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Raleigh Sprite Frame & Fenders

Raleigh Sprite Sandblasted Fenders

A couple of days ago, I got the 1974 Raleigh Sprite’s frame and fenders back from the powder coat shop.  Also took the seatpost and stem, as well as the oddly small handlebars in for sandblasting and finish coating – not chrome, though, I hate the maintenance chrome requires.  I’ll post a picture of those items when I get them back.

The gray I chose is a lot lighter than it looked on the color card and has a bluish cast to it.  Yesterday, at lunch, I took the frame and fenders to the body shop around the corner, as it were, from the office to select a color for the fenders by holding color cards against the frame in sunlight and with a small lamp that approximates sunlight.  Chose a yellow that’s close to a British racing yellow but is a GM stock color used on semi-articulated tractor rigs.  The paint will be a little cheaper than a custom color.  Hopefully, the color scheme will work alright.  At least those fenders will be visible a long way off.

The fellow who originally sandblasted the frame and fenders ran the rear fender through the box with the reflector in place.  After working on its removal at the body shop, I can see why he left it alone.  The body shop guys were able to get it removed, but it was more difficult than expected.

Here’re a couple of pictures:

Raleigh Sprite Rear Fender

Powdercoated Raleigh Sprite Frame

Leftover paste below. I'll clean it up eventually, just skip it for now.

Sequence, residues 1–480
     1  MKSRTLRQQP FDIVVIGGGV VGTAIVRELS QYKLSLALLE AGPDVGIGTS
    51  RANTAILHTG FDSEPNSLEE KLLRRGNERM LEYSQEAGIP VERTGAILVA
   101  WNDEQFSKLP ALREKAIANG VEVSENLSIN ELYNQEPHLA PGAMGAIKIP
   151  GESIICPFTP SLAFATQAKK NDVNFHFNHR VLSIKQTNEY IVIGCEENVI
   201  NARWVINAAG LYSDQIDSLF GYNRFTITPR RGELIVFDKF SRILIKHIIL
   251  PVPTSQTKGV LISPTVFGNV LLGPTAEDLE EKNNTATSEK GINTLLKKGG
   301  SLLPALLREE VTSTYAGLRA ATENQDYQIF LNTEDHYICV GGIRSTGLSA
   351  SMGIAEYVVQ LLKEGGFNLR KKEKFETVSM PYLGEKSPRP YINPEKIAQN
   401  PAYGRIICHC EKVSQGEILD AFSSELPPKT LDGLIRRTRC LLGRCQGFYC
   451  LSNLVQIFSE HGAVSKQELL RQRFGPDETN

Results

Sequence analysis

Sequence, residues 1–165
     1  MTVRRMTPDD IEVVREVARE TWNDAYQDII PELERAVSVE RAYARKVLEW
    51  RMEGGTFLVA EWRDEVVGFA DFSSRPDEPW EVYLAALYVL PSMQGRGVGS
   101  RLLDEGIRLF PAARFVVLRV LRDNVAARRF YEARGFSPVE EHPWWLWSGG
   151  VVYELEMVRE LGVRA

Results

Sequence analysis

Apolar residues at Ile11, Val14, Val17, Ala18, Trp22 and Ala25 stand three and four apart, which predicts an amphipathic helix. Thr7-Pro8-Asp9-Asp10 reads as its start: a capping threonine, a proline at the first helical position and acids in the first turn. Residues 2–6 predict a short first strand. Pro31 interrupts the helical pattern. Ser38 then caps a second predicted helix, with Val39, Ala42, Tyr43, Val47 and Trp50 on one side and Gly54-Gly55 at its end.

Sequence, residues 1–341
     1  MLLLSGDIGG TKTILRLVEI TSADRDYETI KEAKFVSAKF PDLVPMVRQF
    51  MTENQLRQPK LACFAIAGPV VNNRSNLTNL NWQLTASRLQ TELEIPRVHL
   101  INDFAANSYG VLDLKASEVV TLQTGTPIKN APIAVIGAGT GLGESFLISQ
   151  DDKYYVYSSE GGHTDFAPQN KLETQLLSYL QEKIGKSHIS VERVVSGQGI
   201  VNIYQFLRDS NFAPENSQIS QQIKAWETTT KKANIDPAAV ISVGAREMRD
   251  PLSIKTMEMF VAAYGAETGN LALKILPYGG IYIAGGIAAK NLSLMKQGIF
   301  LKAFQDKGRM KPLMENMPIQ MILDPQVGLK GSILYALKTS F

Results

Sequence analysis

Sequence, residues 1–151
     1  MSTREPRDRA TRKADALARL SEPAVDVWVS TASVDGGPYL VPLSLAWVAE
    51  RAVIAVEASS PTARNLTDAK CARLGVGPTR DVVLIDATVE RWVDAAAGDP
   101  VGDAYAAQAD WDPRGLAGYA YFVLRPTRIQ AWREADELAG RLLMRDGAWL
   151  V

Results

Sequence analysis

1974 Raleigh Sprite

My father-in-law bought this 10 speed bicycle when stationed in Honolulu and occasionally deployed on an aircraft carrier.  He said for a while he rode the bike from the family home to the clinic where he served as a dental surgeon.  When I got the bike, it’d been stored in one of the small barns at the family farm for about 25 years, the fork and handlebars had been turned and stuck sideways to the frame, the tires dry-rotted and the rear fender dented with the reflector’s plastic broken out.

About three or four years ago, I dsassembled the bike and boxed up its sorry component group – Huret and Sturmy-Archer.  There’s a long story about how I farmed out getting the frame, fork, and fenders sandblasted for $25, then could not find the sandblaster, then figured it out and retrieved the parts sans paint but with the headbadge also sandblasted.

Last week, I took frame and fork to a powder-coat shop in the county where I work at lunchtime and picked a slightly darker, battle-ship gray color.  Yesterday, I took the fenders to body-shop close to my office and talked about getting them worked on and painted a sort of British Racing Yellow.  The bodyshop guy is a midieval history buff, so talking history was a bonus.  Today, I plan to pick up the frame and fork to finalize fender color at the bodyshop.  Will take and post a couple of pictures.

Here’s a link to someone else’s Raleigh Sprite: https://www.worthpoint.com/worthopedia/1974-raleigh-sprite-bicycle-bike-135554524